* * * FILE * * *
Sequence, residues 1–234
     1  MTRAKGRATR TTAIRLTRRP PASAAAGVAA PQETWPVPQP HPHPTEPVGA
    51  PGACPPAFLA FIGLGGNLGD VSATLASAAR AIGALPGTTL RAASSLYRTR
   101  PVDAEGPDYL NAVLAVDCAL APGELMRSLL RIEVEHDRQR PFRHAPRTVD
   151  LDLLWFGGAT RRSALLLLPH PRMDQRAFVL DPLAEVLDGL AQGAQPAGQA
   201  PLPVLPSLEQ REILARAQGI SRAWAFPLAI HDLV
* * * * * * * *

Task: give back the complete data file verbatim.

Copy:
Sequence, residues 1–234
     1  MTRAKGRATR TTAIRLTRRP PASAAAGVAA PQETWPVPQP HPHPTEPVGA
    51  PGACPPAFLA FIGLGGNLGD VSATLASAAR AIGALPGTTL RAASSLYRTR
   101  PVDAEGPDYL NAVLAVDCAL APGELMRSLL RIEVEHDRQR PFRHAPRTVD
   151  LDLLWFGGAT RRSALLLLPH PRMDQRAFVL DPLAEVLDGL AQGAQPAGQA
   201  PLPVLPSLEQ REILARAQGI SRAWAFPLAI HDLV